San Francisco artist Alison Pebworth has launched a cross-country research project called “Beautiful Possibility” in which she explores contemporary manifestations of Americanitus by interviewing people about what ails them and why. Her historical research focuses on the intersection between European and Native American history and how it shapes American identity today. Pebworth’s wry, postmodern, and stunning circus-style tour banners combine folk, historical and political icons (including Olive Oatman, who, she says, elicits more questions than anyone in the series).  One of my favorites, “Claim Your Demons,” shows Dick Cheney hunkered down in a basket next to the Sauk Indian chief Black Hawk (to her credit, Pebworth forces you to figure out why Black Hawk was once considered a demon of Cheneyesque proportions).

Pebworth’s multimedia road show is interactive on many levels: she’s out there taking the pulse of the nation now; you can browse around to see where the northern leg of her tour is taking her here, learn what happened at previous stops here, or take her Americanitus survey here. Better yet, track her down and tell her how you’re feeling. Next stop: Aberdeen, SD.

Arizona Death Trip: Phantom of the Black Hills

Sunday, May 23rd, 2010

Since she was ransomed back from Mohave Indians in 1856 wearing a tribal chin tattoo, Olive Oatman has inspired a sculpture by Erastus Dow Palmer, two biographies, two novels, a play starring John Wilkes Booth’s brother, a 1965 episode of “Death Valley Days” (featuring Ronald Reagan), four children’s books, a 1982 short story by Elmore Leonard, and an Oscar-nominated short film (2008), but never a song.

Until now. Last month the country grindcore band Phantom of the Black Hills released a fittingly Deadwoodesque tribute to America’s first tattooed white woman on “Ghosts,” tweaking some interesting themes, like whether or not Oatman, a Mormon, lost her religion as a white Mohave. If the facts in “Olive Oatman” are iffy (twisted as they’ve been for over a century), the mood is right: Here’s the Oatman clan heading west:

Her and her family prayin’ to the moon
Piled in a wagon, rolling to their doom
Bones of the past rattlin in the back
That’s when the mountain roared

Indeed, the Yavapai Indians who killed Oatman’s family in southern Arizona (then Mexico) were mountain dwellers. (Note to Governor Brewer: back then, the state was filled with nativists–none of whom were white). Phantom nails it in saying Oatman, who was taken captive, then traded to the Mohave, “had to bend but she never bowed.”

The song’s gritty vocals and driving rhythm–slow in the intro, then double time–evoke Oatman’s ride on a prairie schooner driven by a reckless and monomaniacal father of seven, bound for California (the place, wrote Didion, “where we run out of continent”). A banjo traces jittery lines of fingerpicked beauty across this well-worn gothic narrative. Though Phantom of the Black Hills’ website is damnably uninformative (perhaps a masked dude aiming his banjo at you like a loaded weapon is all you need to know), I’m glad an L.A. band with a pistols-at-dawn attitude was the first to claim this California dreamer.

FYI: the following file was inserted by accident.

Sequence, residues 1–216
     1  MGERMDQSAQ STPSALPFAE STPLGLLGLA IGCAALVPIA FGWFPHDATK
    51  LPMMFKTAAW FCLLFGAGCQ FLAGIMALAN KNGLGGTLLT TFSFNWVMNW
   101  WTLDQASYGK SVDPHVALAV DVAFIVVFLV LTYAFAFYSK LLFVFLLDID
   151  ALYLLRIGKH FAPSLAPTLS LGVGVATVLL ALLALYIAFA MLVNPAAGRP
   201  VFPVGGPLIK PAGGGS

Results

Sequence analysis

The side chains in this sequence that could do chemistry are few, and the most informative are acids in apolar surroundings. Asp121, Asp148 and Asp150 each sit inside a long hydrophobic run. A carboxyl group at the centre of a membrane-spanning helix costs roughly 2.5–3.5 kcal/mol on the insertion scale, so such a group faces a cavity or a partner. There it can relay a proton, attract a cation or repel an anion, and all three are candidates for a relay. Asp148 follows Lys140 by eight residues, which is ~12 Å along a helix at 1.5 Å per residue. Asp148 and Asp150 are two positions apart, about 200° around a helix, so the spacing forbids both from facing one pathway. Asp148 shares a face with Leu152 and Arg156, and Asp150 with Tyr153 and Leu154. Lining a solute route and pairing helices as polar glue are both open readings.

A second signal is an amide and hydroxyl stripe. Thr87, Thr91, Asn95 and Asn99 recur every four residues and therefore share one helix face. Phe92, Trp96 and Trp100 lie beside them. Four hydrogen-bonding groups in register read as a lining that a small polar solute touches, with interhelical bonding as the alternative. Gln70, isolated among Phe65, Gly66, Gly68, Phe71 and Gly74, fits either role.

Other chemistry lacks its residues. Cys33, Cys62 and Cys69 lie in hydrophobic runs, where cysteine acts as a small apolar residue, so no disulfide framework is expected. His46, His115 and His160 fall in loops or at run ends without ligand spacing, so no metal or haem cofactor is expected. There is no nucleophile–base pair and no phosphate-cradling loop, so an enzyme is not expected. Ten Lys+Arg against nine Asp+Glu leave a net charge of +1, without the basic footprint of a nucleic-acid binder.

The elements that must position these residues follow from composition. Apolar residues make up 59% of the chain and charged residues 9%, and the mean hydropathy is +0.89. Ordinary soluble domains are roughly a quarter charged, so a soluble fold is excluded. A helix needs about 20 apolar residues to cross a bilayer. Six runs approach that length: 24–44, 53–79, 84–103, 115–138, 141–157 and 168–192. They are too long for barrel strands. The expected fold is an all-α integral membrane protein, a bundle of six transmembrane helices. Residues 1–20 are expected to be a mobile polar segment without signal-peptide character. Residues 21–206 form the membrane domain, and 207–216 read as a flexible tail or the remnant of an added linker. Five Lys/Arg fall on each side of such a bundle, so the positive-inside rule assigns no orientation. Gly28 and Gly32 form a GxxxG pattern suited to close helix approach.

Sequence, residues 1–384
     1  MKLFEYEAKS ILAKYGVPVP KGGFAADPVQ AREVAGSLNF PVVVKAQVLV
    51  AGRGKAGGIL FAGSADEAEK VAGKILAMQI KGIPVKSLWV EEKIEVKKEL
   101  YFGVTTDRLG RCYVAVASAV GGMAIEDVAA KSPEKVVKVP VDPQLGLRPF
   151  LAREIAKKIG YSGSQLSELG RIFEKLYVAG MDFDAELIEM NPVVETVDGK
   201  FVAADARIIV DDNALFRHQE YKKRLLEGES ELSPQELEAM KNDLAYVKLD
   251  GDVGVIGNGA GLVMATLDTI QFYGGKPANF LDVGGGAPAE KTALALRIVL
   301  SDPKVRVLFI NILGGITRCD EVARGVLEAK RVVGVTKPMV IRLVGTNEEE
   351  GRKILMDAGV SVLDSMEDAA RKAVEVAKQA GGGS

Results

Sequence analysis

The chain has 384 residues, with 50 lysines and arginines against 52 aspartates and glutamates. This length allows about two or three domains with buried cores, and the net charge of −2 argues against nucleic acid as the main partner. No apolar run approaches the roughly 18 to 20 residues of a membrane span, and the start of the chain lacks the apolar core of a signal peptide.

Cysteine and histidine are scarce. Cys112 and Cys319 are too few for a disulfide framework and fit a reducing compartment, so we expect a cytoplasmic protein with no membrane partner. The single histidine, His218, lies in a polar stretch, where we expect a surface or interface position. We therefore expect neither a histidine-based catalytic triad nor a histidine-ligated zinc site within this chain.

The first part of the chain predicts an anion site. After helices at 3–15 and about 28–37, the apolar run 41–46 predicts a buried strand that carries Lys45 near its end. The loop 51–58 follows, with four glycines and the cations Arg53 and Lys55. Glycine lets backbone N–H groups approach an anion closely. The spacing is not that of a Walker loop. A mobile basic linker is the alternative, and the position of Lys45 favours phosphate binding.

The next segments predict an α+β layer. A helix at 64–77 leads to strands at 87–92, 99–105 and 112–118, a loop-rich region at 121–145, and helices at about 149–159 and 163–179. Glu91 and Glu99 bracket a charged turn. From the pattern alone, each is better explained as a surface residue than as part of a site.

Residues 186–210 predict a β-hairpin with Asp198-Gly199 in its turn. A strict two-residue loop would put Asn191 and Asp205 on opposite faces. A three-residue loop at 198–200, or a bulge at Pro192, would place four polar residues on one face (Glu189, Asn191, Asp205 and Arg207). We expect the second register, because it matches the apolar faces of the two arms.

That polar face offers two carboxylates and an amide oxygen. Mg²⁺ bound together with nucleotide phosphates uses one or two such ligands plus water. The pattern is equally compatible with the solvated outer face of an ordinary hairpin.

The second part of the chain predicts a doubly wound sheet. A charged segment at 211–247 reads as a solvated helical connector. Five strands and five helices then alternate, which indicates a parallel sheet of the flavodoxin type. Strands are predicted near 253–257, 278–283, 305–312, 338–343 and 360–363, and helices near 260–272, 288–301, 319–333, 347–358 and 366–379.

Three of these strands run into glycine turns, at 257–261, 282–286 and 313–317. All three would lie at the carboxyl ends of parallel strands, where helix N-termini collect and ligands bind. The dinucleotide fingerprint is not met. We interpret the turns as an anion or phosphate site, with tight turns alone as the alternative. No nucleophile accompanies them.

Olive, Britney, Hillary, and Michelle

Tuesday, May 12th, 2009

When a journalist asked me if the Oatman story sheds any light on expectations of women today, my first impulse was to talk about how far we’ve come since the 1850s when she became a public figure whose story was written by a man, who was concerned about remaining in her proper sphere on the lecture circuit, and who had to conceal her body even as she discussed her tattoos. But there is a striking continuity: people were fascinated by Oatman largely because of her body: they lined up to see her and pondered her physical violation both sexually and through the tattoo. Her story gave them permission to stare at a woman and allowed her to present and even refer to her body in public.

As in Oatman’s day, when women were forced into body-modifying clothes involving corsets and bustles, we’re still obsessed with women’s bodies in terms of shape (whether they’re too fat or thin or old or mannish or cosmetically reconstructed or in need of reconstruction) and in terms of behavior (whether Britney’s wearing underwear in public or not, whether President Hillary Clinton would have aged in office to Rush Limbaugh’s satisfaction, whether Michelle Obama’s arms have semiotic significance, and so on). Oatman had to be very careful about discussing her tattooed body in public, reinforcing the notion that whatever her physical experiences had been with the Mohave, she was their victim. Today, women are much physically freer, but our culture is equally obsessed with the body and what women do with it.

The difference is that now, showing is not only permitted, it’s expected. I sometimes wonder if centuries from now people will look back at public rituals like the Grammys and the Academy Awards and marvel that exposure is virtually a requirement for women in formal wear, while men’s bodies are fully concealed. The same applies to Esquire’s Women we Love entries (of eight photos posted in this page right now, two women are naked, two are topless, three are wearing lingerie, and one wears a tank top). And Elle’s best loved men? A hairy forearm is as racy as it gets.